Anja Niedringhaus (1965 - 2014)
Frankfurt am Main, 14 April 2014
In a foreword for one of her many exhibitions it was written 'we know her photographs even if we don't know her.' The first part of that was true but there cannot be many who are not familiar with her name now.
Anja and photography were a perfect match for each other – like a marriage made in heaven.
Her brutal killing on assignment in Afghanistan on 4 April 2014 has left so many of us with a deep sense of loss but we are lifted by the knowledge that she left us the greatest unimaginable legacy – her images from 1990 to 2002. So many of these pictures adorned covers of magazines and newspapers worldwide. Post-epa she achieved even more success.
Her story with epa – then a fledgling 5 year old agency – began at the beginning of 1990, the very first of epa's photographer signings. Just a few months earlier she had a taste of hard news coverage when her local newspaper sent her to cover the fall of the Berlin Wall. Little did Anja realise then that the dismantling of the so called Iron Curtain would pave the way for assignments that would dominate her work for the next ten years. During this time she was solely responsible for not only the hand-picked hiring of our photo correspondents in eastern Europe but in shaping and moulding the quality of our coverages as well as making a huge contribution in transforming epa into what and where we are today.
Although famed for seeking out conflict situations, there was one other annual job that was a 'must do' for her. And that was the diametrically opposite challenge of the All England Tennis Championships at Wimbledon. Swapping the sound of gunfire for strawberries. We don't think she missed one since 1997. However over-exuberance once got the better of her on Centre Court during the trophy presentation to the winner of the ladies singles.The ever-competitive girl from Hoexter was clearly not happy with her view or position so she grabbed a nearby chair for a more elevated advantage point. Spotted by the official in charge of photographers she was given a red card and missed the next day's men's final. Wimbledon can sometimes be tougher than the theatre of war.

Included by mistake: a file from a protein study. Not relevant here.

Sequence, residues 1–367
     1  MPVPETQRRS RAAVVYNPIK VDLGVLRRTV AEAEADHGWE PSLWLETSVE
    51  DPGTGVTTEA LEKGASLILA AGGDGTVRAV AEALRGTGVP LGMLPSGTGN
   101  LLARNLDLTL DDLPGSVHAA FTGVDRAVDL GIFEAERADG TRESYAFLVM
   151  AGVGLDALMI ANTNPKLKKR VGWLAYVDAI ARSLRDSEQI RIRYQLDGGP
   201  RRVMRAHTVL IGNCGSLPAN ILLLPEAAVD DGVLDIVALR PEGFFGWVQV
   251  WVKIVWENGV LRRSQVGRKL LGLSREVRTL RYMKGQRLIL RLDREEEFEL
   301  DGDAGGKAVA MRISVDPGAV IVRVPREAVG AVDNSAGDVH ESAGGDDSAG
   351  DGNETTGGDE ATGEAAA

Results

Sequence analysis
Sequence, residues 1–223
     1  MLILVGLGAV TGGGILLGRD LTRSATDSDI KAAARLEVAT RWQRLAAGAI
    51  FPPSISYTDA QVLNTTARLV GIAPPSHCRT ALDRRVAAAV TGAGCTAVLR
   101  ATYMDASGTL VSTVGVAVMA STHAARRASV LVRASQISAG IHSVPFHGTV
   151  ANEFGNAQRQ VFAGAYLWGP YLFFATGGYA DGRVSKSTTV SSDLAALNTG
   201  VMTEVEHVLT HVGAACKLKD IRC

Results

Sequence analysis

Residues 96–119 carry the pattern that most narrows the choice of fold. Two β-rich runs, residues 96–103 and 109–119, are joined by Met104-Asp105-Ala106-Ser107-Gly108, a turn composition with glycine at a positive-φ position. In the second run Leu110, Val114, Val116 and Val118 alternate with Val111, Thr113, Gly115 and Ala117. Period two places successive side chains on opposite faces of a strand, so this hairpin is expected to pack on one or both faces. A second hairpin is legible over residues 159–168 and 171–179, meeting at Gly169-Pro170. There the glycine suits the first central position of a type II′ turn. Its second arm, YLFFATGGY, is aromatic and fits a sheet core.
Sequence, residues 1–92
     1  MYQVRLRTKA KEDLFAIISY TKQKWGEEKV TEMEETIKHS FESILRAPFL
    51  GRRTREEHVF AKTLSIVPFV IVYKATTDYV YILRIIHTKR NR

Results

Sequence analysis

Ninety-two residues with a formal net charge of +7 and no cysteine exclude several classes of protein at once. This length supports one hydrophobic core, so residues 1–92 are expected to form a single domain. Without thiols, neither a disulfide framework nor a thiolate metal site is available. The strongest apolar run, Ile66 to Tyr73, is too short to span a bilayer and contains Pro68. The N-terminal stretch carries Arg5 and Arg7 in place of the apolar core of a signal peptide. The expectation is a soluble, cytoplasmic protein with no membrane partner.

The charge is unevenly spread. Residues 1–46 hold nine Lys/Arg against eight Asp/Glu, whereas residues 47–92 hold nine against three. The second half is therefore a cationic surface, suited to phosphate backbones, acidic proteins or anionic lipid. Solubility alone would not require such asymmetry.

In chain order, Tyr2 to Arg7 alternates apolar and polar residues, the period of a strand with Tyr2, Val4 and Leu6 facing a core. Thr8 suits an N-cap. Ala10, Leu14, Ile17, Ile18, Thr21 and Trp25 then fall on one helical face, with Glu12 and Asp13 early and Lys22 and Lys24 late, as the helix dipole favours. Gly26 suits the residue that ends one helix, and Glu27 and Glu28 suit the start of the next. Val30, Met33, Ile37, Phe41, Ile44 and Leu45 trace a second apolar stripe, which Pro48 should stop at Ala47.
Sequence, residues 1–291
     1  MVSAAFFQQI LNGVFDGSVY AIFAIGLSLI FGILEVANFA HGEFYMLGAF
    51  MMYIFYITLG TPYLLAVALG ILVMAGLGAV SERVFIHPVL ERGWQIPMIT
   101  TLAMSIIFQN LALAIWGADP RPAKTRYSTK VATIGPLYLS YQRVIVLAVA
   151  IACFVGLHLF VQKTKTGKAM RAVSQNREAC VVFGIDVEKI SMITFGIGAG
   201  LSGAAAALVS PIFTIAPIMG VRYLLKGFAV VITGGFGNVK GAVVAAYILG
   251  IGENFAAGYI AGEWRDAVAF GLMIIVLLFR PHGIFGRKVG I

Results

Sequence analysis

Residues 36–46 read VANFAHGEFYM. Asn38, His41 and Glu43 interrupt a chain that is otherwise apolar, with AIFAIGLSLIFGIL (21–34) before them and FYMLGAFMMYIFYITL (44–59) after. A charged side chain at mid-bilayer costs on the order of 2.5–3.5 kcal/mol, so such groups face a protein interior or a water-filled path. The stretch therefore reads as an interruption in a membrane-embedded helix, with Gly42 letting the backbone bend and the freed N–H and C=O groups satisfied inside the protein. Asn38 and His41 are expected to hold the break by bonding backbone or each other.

And long time colleague and friend Fehim Demir recalls: 'I remembered 8 March 1994. Few roses could be found at the Sarajevo market and I bought one for her. I told her: 'Happy Women's Day, this rose is for you.' But she replied briskly: 'I want pictures, not flowers.' I said I had pictures, too, and she said: 'OK, thanks for the pictures then.'
Everyone will have their very own special memories of times with Anja – but one thing will always link them all together – her infectious, trademark laughter.
During her career she was rewarded with a number of solo exhibitions, she received The International Women's Media Foundation's Courage in Journalism award, Pictures of the Year International, Best of Photo Journalism tribute and topping them all was being the only woman in a team of eleven photo journalists from AP who won the 2005 Pulitzer Prize for its coverage of the Iraq War.